3. Use the hypothesis to make predictions.
    4. Test those predictions by experiments or further observations and modify the hypothesis in the light of your results.
    5. Repeat steps 3 and 4 until there are no discrepancies between theory and experiment and/or observation.

    When consistency is obtained, the hypothesis becomes a theory and provides a coherent set of propositions which explain a class of phenomena. A theory is then a framework within which observations are explained and predictions are made.
    If you ask most practicing scientists, they would generally agree that that's how they 'do science.' Is that true? It is not too difficult to see that things are not so easy, and that there are important questionable assumptions hidden under such a simple formulation.

    Let's consider a classical and practical example of the use of the scientific method. In 1776 a German astronomer, Johann Ehlert Bode published what became known as Bode's Law. In fact, the credit should go to a German mathematician, Johann Titius (1772), but that's another story … Titius and Bode, and many other astronomers of the time, were interested in understanding why the planets are where they are in the solar system. Why should the Earth orbit at about 150,000,000 km from the Sun? This is a difficult question, and even today we don't really have a satisfactory answer (the major motivation for the ongoing search for extrasolar systems is precisely to find relevant clues to this problem). By the late eighteenth century astronomers had already measured the distances from the Sun of all the planets then known. These were the initial observations Titius-Bode started with. When you look at the data, keep in mind that the farthest planet known at the time was Saturn. Titius-Bode tried to find a hypothesis that would fit these data. They came up with a simple formula. He first expressed all the data in so-called astronomical units (one AU is the average distance of the Earth from the Sun). The Titius-Bode 'hypothesis' can be summarized as follows (a is the semi-major axis of a planet's orbits, and n is an integer; see Titius-Bode Law )


    a = 0.4 + (0.3)2n

    Planet n Titius-Bode Law Semi-Major Axis
    Mercury −∞ 0.40 0.39
    Venus 0 0.70 0.72
    Earth 1 1.00 1.00
    Mars 2 1.60 1.52
    (Asteroid Belt) 3 2.80 2.8
    Jupiter 4 5.20 5.20
    Saturn 5 10.0 9.54
    Uranus 6 19.6 19.2
    Neptune 7 38.8 30.1
    (Pluto) 8 77.2 39.4
    (1992QB1) 9 154.0 41
    (?) 10 308.0 ?
    ... ... ... ...


    Notice that the value predicted for Neptune actually seems to fit Pluto, while the value predicted for Pluto does not seem to correspond to any known solar object. I have also included 1992QB1, the first member of the so-called Kuiper Belt, discovered only in 1992; no value of n appears to fit its position. Notice also that the "asteroid belt" was not known at that time. This resulted in all the entries after Mars to fall in the wrong places. To simplify the discussion, this is not reflected in the table above.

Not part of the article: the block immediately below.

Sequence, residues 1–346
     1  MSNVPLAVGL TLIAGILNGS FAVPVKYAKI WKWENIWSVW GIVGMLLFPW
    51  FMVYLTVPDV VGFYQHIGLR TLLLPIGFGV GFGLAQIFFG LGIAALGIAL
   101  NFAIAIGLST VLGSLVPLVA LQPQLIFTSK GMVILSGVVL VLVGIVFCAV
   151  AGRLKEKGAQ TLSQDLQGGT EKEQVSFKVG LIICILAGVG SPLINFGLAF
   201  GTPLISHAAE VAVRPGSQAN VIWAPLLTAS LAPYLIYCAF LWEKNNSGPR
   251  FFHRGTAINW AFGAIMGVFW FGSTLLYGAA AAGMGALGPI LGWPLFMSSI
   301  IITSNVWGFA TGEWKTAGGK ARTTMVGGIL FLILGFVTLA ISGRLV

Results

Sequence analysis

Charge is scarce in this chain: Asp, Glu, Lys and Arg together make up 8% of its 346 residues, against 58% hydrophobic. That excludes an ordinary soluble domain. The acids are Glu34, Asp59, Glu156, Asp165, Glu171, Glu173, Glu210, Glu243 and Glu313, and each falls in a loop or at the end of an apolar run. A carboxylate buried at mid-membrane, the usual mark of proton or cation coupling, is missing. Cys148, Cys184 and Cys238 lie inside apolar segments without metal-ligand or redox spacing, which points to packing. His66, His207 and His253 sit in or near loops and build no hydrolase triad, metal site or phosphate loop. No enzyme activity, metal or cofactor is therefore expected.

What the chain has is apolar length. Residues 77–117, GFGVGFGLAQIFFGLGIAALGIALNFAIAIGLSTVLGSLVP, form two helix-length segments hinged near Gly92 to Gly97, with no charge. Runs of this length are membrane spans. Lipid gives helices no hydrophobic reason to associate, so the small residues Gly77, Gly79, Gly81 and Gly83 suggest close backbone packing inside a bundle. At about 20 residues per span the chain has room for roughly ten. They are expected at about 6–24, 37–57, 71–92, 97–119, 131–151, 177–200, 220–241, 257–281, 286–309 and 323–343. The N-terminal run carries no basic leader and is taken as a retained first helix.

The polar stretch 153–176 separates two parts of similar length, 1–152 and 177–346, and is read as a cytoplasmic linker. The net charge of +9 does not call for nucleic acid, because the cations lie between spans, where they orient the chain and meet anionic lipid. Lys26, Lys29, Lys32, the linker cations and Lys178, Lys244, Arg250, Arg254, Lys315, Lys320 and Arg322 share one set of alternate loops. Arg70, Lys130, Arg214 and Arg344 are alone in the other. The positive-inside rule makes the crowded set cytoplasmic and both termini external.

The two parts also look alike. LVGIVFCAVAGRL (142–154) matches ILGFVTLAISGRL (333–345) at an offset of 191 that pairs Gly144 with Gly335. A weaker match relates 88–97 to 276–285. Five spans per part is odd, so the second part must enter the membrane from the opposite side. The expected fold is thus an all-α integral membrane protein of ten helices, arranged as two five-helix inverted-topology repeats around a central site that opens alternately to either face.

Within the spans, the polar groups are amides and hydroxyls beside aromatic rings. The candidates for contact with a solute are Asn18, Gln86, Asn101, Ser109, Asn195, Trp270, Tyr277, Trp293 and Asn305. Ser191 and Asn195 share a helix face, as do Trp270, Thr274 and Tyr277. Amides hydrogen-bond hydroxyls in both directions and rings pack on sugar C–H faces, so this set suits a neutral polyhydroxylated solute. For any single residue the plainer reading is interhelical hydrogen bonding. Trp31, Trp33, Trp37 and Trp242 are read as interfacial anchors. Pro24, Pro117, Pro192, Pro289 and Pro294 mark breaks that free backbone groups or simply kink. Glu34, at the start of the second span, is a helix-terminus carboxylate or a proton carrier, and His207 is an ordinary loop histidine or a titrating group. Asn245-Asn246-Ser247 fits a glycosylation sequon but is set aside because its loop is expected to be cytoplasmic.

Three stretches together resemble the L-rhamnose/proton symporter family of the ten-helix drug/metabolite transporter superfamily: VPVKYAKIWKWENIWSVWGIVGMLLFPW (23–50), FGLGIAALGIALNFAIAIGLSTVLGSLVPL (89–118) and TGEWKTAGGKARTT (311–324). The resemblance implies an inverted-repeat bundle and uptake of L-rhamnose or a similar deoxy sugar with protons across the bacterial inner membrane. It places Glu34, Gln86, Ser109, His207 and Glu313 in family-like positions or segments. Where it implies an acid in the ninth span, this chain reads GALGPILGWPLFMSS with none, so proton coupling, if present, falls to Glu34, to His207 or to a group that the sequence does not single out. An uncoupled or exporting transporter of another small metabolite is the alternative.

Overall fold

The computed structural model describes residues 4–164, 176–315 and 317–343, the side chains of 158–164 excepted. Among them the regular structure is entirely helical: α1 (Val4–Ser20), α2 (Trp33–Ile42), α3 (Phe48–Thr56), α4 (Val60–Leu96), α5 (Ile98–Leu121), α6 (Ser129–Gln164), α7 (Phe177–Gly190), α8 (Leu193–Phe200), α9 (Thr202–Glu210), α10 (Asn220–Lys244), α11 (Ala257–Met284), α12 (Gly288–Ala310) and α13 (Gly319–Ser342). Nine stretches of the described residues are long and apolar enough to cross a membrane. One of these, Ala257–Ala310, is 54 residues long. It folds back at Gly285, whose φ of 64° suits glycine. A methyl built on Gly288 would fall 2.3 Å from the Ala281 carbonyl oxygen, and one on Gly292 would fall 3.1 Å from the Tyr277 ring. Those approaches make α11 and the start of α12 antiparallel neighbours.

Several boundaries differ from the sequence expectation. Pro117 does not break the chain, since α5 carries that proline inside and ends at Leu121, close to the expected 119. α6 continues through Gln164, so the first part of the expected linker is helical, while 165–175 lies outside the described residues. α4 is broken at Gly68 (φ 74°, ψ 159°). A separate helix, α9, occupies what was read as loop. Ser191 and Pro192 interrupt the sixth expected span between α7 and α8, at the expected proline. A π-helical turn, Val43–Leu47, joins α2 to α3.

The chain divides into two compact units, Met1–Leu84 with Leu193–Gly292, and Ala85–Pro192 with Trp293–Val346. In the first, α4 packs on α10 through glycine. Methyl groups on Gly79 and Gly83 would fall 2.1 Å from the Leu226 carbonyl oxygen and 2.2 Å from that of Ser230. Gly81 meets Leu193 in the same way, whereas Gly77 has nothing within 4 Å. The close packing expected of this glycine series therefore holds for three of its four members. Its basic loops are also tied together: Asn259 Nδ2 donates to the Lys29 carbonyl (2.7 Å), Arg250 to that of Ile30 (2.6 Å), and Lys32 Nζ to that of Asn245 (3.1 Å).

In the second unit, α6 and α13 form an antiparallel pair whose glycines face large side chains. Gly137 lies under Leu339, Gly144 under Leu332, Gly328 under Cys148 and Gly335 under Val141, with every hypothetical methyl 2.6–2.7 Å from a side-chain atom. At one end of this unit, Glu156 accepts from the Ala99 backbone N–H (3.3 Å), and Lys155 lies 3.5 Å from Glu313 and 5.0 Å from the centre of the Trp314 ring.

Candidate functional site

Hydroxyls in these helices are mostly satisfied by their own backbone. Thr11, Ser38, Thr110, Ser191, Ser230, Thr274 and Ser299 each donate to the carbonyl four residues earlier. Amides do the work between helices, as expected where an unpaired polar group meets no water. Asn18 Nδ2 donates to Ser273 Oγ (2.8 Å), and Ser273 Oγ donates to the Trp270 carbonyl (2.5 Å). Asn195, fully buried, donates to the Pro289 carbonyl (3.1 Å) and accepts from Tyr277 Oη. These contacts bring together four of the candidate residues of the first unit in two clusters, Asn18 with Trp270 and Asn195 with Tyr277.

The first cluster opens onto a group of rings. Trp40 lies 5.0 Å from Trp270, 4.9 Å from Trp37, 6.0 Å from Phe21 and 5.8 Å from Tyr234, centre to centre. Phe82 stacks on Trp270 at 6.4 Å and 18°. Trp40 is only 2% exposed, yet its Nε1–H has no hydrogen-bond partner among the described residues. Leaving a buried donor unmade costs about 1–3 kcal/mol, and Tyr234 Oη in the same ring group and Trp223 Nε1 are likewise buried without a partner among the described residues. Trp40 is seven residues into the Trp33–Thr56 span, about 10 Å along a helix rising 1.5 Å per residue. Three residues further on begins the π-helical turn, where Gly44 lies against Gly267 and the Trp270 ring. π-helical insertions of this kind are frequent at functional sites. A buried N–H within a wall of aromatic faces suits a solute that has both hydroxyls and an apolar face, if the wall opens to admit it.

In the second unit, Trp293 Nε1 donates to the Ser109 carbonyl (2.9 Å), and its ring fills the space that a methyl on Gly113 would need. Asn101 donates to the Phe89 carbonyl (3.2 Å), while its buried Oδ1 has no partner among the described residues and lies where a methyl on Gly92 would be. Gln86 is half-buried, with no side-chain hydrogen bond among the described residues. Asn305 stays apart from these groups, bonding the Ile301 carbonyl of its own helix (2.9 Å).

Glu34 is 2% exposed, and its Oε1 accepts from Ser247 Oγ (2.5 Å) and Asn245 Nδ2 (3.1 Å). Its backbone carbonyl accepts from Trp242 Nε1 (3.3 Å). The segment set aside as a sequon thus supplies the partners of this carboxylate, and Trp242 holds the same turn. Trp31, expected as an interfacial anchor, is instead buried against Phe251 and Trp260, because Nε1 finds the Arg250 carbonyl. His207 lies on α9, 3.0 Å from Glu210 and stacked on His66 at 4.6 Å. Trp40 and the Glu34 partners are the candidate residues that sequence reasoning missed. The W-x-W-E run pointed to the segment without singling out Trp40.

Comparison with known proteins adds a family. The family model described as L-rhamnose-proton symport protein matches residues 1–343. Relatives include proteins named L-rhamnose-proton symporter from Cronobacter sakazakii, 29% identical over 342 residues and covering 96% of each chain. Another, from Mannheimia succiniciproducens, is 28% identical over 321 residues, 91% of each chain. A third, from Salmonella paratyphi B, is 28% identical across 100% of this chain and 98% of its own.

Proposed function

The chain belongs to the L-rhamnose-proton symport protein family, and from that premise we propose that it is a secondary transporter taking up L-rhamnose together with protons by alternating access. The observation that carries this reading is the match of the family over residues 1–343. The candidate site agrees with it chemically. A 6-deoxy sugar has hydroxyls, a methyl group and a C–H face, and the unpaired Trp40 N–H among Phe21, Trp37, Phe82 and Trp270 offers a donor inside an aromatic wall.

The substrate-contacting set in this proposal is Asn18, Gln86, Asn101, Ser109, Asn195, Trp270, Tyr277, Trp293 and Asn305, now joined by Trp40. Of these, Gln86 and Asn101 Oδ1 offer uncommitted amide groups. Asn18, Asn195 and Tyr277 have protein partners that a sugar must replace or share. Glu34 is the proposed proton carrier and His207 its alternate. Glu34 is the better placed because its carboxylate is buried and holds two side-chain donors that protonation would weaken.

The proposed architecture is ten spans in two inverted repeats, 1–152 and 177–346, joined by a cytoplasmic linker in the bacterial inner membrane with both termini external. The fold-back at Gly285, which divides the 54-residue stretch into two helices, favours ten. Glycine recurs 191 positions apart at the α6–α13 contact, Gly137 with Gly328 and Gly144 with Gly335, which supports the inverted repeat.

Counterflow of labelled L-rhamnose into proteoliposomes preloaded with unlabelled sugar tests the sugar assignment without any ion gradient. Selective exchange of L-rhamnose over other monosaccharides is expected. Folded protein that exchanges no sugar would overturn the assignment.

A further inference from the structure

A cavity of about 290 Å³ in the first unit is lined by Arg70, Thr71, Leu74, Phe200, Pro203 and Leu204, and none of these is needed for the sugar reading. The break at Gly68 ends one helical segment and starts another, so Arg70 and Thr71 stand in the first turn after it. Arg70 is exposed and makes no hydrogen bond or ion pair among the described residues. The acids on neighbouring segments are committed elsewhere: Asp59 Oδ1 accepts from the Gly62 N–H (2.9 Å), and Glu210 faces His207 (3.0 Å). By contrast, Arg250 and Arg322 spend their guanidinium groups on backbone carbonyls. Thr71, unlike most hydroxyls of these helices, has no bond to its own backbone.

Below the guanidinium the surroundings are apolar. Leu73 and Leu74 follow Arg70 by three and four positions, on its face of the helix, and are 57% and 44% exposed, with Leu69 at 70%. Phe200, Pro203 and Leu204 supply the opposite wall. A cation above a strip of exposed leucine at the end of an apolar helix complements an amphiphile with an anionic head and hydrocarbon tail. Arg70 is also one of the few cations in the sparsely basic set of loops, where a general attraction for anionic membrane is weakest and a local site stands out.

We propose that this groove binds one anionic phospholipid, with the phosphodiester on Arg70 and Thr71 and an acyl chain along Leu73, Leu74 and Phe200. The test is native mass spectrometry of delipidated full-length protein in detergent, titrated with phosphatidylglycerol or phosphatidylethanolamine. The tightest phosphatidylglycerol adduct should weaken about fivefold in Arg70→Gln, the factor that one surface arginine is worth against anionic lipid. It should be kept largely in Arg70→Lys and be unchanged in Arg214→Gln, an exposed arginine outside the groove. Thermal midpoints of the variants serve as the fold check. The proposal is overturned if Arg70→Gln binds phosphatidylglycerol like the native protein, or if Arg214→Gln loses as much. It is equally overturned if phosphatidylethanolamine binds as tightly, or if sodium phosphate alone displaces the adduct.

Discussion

Let's look again at the steps of the scientific method outlined earlier on. Steps 1 through 4 are clearly at work. However step 5 seems to fail, for at least one good reason: nothing prevents n from growing indefinitely; short of assuming that the entire universe revolves around the sun, and that there is an infinite number of bodies in the universe, the hypothesis is bound to fail rather soon.

    On the basis of the definition of the scientific method, we should therefore discard the Titius-Bode's 'hypothesis,' and start from scratch. In this specific case the hypothesis was indeed set aside, also because the formula embodying it is not really a guess as to why the solar system is ordered the way it is, but an example of descriptive curve fitting. However, it is rather easy to find examples of hypotheses which, despite empirical evidence to the contrary, were retained—often in the name of beauty and simplicity, or in the hope that further evidence may eventually support it, or in the realization that discarding it would require discarding an entire body of seemingly well-established knowledge. Such considerations lie clearly outside the scope of the scientific method as described above.

    A very good source of actual examples, with excellent discussion, is H Collins & T Pinch, The Golem: What You Should Know about Science (2nd edition, Cambridge U Press, 1993, 1998). You may also want to read an essay by D Johnson, Mysterious Craters of the Carolina Coast, in G A Baittsell, ed, Science in Progress (2nd Series, 1950, Yale University Press; reprinted in S Rapport & H Wright, eds, Science: Method and Meaning (1963, New York U Press; 1964 Washington Square Press)). In their introduction to the article, the editors write: "It illuminates the ways in which observation can be put to use and the errors which may creep in if the most rigorous thinking is not employed. It is also an example of a situation that has occurred time and time again in the history of science. Despite the most careful analysis, a problem may remain unsolved because the evidence is incomplete or the correct hypothesis unavailable."
  • There is much more, however, that can be said about the scientific method. For example, 'observations' depend themselves on pre-existing assumptions and theories.